No matter what, physicians must remember that quality malpractice insurance is never a substitute for superb medical care and risk management.
Best practices dictate that physicians protect themselves with a solid malpractice insurance plan. However, rates are not set across the board. According to medical journalist Keith Loria, malpractice insurance rates are affected by many factors, including location, claims history, and specialty. Therefore, pinpointing rate trends can be tricky, as they may rise or fall differently depending on the factors at play. For example, Argus Risk Advisors insurance agent Robert G. Koch, who works mainly in Michigan and New York, notes rising base rates in his territories. This has subsequently led to a rise in claim payouts and increased the severity of claims. While Koch adds that carriers remain optimistic that the market is stabilizing, factors like the aftermath of the COVID-19 pandemic and economics may delay leveling out. Ohio-based Wallace & Turner Insurance partner and insurance agent Otto Larson points out that, on average, 2023 brought a rise in medical malpractice rates between 5% and 15%. Larson credits this rise to changes in tort reform and inflation.
Nonetheless, not every state has experienced unstable, rising rates. According to Tennessee-based family physician Danielle Kelvas, MD, fewer malpractice claims and payouts have occurred over the past few years, with generally stable or even decreasing rates. Dr. Kelvas attributes this to many players, like better patient safety measures, an uptick in the employment of electronic health records, and new state laws that make filing malpractice suits more challenging.
There are many contributing factors when it comes to premiums. According to Matthew Dobish, healthcare national practice leader at Marsh McLennan, elements like specialty, prior history, and jurisdiction all play a role. Dobish likens it to “a balancing act between frequency and severity.” In particular, Dobish notes the rise in nuclear verdicts—colossal rewards that are affected by social inflation—due to the reopening of courts following the COVID-19 pandemic. What’s more, people should not discount the effect of social inflation on the underwriting process, adds Dobish.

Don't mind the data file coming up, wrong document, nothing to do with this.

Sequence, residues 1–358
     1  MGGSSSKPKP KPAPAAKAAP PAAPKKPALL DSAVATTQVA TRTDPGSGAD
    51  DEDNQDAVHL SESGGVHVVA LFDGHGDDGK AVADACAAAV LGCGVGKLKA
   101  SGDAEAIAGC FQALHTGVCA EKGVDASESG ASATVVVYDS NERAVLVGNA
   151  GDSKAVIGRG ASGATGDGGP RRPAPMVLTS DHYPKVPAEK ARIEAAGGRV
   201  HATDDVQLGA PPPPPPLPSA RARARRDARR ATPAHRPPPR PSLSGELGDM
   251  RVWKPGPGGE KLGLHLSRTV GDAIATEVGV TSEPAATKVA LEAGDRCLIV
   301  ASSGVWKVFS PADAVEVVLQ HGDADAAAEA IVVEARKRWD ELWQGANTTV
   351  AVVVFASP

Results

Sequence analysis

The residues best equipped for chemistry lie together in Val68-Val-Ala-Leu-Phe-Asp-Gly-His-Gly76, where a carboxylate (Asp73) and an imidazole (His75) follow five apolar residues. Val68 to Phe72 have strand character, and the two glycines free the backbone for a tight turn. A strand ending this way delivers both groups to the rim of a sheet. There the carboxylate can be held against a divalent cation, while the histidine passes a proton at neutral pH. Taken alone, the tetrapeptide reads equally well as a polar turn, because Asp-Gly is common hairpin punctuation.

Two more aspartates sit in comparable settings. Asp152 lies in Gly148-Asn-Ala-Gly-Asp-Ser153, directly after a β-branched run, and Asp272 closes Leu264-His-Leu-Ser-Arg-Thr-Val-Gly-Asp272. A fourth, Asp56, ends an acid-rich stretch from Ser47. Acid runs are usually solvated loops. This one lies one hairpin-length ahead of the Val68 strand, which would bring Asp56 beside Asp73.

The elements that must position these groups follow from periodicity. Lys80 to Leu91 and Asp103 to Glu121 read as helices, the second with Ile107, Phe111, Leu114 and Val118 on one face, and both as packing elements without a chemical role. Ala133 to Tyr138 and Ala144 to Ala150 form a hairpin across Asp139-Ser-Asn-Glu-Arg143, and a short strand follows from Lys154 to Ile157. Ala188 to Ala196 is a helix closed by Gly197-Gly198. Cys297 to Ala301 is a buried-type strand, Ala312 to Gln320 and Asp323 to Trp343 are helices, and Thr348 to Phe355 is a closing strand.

While the unpredictability of insurance rates may prompt some physicians to feel most comfortable committing to the same malpractice insurance carrier until retirement, Koch suggests this may not be the most beneficial tactic. Not only does Koch recommend that physicians explore alternative carriers at least every three years, but he suggests that certain physician specialists should examine their choices yearly or every other year. Rates can undergo annual fluctuations, and it’s in a physician’s best interest to be aware of those changes. That said, Koch also reminds physicians that they should not switch policies without first factoring claims, tails, and retirement into the decision. Another option could be to try to negotiate rates with a physician’s present carrier.
Obtaining help from a reputable insurance broker who is up-to-date on the market in a given physician’s territory is also essential. Although changing carriers is not overly complicated, Koch notes that adjusting to new processes can prove challenging for some physicians. It’s not unusual for physicians to grow accustomed to a particular carrier’s process, so this may cause a small, albeit slow-lived and temporary, inconvenience in the transition.
According to Dobish, physicians are best off letting a qualified insurance broker handle the process of carrier shopping, thereby allowing physicians to stay keyed in on their patient-physician and employee-physician relationships. Specifically, Dobish suggests working with a broker who has in-depth knowledge of the healthcare industry instead of a broker whose only focus is medical malpractice. As such, a broker’s fee should weigh less in the equation if that broker has the knowledge required to represent a physician in their marketplace. This will ultimately yield the largest return. Dobish stresses the importance of physicians keeping all insurance portfolios current, not just medical malpractice. No matter what, physicians must remember that quality malpractice insurance is never a substitute for superb medical care and risk management.